557 F.3d 504 (2009)
The contract provided that, after the railroad delivered coal to the utility, if the railroad was prevented by force majeure from reloading its empty cars with iron ore for a specified steel mill, the railroad could charge a higher rate applicable to shipments with no backhauling. The steel mill shut down and eventually closed for good, at which point the railroad began charging the higher rate. The utility contended that the railroad waived its right to the higher rate by not exercising the right when the steel mill first shut down, and that the railroad did not make a good faith effort to obtain backhauling of other commodities.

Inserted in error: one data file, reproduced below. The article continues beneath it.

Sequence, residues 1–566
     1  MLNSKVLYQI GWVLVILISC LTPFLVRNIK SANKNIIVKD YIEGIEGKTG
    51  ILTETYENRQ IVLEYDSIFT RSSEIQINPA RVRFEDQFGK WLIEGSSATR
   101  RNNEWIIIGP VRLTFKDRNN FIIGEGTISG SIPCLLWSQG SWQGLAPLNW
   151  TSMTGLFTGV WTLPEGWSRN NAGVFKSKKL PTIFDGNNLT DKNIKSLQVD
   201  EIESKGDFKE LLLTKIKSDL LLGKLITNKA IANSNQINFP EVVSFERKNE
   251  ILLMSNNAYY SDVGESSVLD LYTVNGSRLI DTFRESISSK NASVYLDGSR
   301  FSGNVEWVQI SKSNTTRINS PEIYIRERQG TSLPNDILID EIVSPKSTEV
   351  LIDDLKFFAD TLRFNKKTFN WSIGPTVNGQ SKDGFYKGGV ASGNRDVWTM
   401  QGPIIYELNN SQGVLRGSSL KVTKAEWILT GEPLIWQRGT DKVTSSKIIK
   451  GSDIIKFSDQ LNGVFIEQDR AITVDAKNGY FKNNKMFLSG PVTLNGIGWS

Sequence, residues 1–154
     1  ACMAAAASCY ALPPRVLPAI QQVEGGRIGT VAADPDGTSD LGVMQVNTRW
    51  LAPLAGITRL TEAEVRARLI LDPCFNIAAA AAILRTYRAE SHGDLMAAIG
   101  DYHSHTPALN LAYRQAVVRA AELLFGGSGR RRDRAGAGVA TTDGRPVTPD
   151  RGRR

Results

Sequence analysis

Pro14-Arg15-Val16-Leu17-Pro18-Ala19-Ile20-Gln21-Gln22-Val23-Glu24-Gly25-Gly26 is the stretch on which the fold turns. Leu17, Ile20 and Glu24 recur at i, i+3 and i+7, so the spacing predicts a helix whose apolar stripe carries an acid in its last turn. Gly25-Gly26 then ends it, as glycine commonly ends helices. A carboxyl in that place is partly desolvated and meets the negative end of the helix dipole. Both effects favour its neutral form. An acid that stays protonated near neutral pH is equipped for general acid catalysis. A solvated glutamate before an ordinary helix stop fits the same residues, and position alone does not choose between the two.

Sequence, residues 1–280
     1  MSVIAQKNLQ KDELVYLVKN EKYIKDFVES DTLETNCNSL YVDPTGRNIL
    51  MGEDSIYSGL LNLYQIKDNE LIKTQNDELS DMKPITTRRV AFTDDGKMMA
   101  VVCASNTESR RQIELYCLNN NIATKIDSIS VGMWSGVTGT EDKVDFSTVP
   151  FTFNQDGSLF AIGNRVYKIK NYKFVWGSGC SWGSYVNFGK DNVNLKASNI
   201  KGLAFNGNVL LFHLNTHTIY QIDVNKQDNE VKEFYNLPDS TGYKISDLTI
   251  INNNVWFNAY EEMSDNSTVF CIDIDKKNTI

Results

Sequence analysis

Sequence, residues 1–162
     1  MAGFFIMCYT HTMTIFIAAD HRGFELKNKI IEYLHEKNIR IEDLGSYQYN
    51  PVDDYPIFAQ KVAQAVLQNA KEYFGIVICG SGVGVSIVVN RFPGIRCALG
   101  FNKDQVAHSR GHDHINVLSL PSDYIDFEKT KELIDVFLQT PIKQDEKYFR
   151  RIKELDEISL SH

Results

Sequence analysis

- The court held that the railroad was contractually entitled to charge the higher rate.
- The railroad's failure to immediately invoke its right to the higher rate did not waive the right, there was no detrimental reliance by the utility on the lack of prompt notice, and the utility enjoyed the benefit of the lower rate to which it was not contractually entitled.
- Further, the railroad's duty of good faith did not include a duty to explore the possibility of re-configuring its operations and obtaining railcars optimized to carry other shippers' commodities.
The order granting summary judgment to the railroad was affirmed.
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